Bill Stewart selected as West Virginia football coach
SCOTTSDALE, Ariz. -- Bill Stewart didn't need an actual job interview. His performance in the 2½ weeks since Rich Rodriguez resigned, punctuated by West Virginia's resounding victory over Oklahoma in the Fiesta Bowl, was enough.
Now he's the coach of the Mountaineers, a promotion for a man who calls himself a "West Virginian all my life."
"I had the longest job interview in America," Stewart joked Thursday, hours after the 48-28 victory over the Sooners and before the team boarded a flight home.
The 55-year-old coach agreed to a five-year contract worth $800,000 a year, plus incentives. The base salary totals $4 million, the same amount West Virginia is seeking in a buyout of the seven-year contract, worth almost $2 million a year, that Rodriguez signed in August.
Stewart was appointed interim coach when Rodriguez left Dec. 16 to coach Michigan. West Virginia formed a search committee that, according to athletic director Ed Pastilong, interviewed "a large number of candidates." Central Michigan coach Butch Jones, a West Virginia native, was considered a leading contender.
But the committee had its eyes on Stewart all along.
"In reality, he was being interviewed every day," said Pastilong, who has known Stewart for nearly four decades. "I heard somebody say that last night he had the ultimate interview. But he always was one of our most serious candidates."
Gov. Joe Manchin was among the enthusiastic group of boosters who attended the announcement at the Scottsdale resort where the Mountaineers had stayed.
"I couldn't be more happy," Manchin said. "I've watched this team come together and this gentleman right here, Billy Stewart, bring it together. He's the glue. There's not a mother or father watching today that wouldn't be proud to have their son play for this man."
Pastilong called Stewart to his room in the wee hours Thursday to offer him the job. Stewart has not signed a contract but agreed to terms with a handshake.
"I don't have a lot of experience in these negotiations and things. That's my agent right down there," he said, pointing to his wife, Karen.
Stewart had the backing of the team, including Pat White. The quarterback began stumping for Stewart on the field after running for 150 yards and throwing for 176 and two touchdowns in the victory over the No. 3 Sooners.
"He deserves it," White said. "A great man. A great coach. All the players respect him and all the players love him. You couldn't ask for a better man to lead us to victory today."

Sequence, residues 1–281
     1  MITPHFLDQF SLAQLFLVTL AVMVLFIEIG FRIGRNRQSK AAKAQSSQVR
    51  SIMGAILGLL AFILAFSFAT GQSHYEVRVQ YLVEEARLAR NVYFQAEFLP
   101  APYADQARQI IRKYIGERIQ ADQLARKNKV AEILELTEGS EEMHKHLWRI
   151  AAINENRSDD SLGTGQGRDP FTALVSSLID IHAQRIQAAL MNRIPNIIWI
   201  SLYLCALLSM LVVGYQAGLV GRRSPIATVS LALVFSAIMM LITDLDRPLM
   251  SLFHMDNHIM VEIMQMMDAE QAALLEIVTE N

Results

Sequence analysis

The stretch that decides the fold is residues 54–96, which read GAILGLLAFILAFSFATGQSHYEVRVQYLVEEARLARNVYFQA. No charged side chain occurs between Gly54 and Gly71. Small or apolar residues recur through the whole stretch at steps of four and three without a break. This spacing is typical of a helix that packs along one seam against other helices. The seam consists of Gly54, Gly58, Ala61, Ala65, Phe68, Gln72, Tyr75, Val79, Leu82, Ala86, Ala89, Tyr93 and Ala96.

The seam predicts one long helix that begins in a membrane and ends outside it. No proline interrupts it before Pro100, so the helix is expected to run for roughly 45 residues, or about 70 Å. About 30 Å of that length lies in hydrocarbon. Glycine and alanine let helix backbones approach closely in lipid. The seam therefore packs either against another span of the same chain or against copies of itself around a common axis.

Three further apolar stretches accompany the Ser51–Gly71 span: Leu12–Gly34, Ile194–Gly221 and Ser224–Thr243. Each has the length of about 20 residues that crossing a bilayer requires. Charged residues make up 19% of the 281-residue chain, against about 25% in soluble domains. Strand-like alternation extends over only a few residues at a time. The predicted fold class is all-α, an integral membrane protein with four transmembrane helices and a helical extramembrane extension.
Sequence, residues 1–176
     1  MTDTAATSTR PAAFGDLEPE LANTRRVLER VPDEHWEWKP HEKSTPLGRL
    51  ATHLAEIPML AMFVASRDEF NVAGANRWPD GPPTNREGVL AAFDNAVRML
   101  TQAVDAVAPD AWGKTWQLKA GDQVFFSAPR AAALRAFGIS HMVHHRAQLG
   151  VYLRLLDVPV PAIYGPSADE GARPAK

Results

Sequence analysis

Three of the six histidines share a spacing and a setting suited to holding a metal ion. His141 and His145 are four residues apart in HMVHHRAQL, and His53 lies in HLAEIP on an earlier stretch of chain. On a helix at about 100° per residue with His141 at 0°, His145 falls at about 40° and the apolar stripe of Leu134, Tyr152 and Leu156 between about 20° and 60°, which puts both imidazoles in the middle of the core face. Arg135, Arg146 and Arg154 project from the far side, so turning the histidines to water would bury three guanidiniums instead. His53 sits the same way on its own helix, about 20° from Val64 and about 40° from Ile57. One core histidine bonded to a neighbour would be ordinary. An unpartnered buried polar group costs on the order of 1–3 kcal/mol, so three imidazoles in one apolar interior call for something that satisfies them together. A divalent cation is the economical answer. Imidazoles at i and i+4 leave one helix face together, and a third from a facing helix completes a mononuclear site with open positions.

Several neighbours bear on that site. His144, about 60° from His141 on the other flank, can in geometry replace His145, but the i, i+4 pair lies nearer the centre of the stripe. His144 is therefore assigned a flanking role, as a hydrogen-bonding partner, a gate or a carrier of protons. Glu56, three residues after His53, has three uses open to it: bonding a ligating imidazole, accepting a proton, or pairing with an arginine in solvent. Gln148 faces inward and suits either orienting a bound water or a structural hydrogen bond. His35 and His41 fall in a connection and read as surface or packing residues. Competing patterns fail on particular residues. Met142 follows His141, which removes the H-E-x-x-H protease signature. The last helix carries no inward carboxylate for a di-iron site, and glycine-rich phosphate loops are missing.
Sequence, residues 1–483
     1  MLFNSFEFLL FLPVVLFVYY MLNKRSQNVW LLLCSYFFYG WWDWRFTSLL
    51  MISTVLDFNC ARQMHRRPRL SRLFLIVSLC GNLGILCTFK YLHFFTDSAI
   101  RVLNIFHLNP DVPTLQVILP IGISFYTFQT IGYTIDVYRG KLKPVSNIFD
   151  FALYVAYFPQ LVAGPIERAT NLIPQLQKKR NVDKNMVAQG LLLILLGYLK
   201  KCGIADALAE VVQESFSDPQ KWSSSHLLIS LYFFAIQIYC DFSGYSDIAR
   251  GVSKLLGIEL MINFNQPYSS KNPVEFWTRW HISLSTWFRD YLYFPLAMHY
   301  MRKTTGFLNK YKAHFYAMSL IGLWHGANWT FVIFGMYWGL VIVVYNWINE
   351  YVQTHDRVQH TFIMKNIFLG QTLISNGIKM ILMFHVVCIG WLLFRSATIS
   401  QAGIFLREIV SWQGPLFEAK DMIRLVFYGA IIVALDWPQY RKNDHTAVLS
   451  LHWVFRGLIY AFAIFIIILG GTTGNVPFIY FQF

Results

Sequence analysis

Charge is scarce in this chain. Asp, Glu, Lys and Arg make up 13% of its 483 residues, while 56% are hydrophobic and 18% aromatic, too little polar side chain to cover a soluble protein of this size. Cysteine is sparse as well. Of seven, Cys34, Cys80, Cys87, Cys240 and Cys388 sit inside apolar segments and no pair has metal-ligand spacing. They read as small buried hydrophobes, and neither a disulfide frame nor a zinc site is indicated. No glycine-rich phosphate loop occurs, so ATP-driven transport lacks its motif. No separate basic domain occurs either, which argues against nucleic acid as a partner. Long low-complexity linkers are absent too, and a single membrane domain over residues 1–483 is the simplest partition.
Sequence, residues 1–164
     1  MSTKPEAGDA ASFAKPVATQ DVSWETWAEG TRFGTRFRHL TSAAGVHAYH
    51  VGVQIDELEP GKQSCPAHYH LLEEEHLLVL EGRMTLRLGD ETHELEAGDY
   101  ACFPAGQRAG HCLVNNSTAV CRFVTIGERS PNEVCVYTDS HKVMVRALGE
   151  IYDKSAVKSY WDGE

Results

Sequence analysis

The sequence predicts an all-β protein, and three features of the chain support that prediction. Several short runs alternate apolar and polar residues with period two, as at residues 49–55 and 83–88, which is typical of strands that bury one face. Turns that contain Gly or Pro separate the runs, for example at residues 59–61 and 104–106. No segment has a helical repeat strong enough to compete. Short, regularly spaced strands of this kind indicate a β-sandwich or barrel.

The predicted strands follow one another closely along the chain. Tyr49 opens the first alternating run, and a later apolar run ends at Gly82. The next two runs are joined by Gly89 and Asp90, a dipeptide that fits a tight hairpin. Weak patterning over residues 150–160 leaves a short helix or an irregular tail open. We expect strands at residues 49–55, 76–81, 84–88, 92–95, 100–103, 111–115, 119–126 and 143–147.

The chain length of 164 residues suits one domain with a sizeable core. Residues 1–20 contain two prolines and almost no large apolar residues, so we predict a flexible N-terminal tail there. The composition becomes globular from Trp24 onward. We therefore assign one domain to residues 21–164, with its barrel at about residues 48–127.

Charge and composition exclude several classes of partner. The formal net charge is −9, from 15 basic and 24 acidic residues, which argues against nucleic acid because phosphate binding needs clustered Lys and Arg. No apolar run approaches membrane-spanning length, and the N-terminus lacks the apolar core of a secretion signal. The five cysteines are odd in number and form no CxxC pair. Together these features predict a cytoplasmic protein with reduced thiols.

Stewart said he wanted the entire staff to return, although some are expected to join Rodriguez in Michigan. Tony Gibson, secondary coach and recruiting coordinator, was the only assistant who has resigned so far, Pastilong said.
WVU president Mike Garrison said Stewart, as a native West Virginian, fully appreciates the school.
"At this university, loyalty and trust are important," Garrison said. "We know we now have a coach who truly values the opportunity to work as the head football coach at West Virginia University."
Stewart earned $139,000 this year in his position that also included coaching tight ends and fullbacks and being the special teams coordinator. He came to West Virginia as quarterbacks coach in January 2000 after two seasons as offensive coordinator in the Canadian Football League.
Don Nehlen, the retired Mountaineers coach who hired Stewart, was glad his former assistant had landed the job.
"He's just such a good person and the kids love him," Nehlen said. "It's such a good fit with the program."
Pittsburgh Steelers coach Mike Tomlin got his first coaching job when Stewart hired him as an assistant at VMI. Tomlin was elated to see Stewart get the West Virginia job.
"Bill Stewart!" Tomlin said at the Steelers' practice when told of the hiring. "That's the best news of the day!"
A message left for Rodriguez early Thursday was not immediately returned.
Stewart was head coach at VMI from 1994-96, compiling an 8-25 record. He also had stints as an assistant at Salem College, North Carolina, Marshall, William & Mary, Navy, Arizona State and Air Force.
Stewart acknowledged he had mellowed since his difficult years at VMI.
"I'm a little more settled in. I'm a little more laid back and I'm a little more wise," he said. "It's called maturity. I'll be as demanding, but I found out there's other ways to get the results."
Associated Press Writer Kelley Schoonover in Charleston, W.Va., and Sports Writer Alan Robinson in Pittsburgh contributed to this story.
Copyright 2008 by The Associated Press
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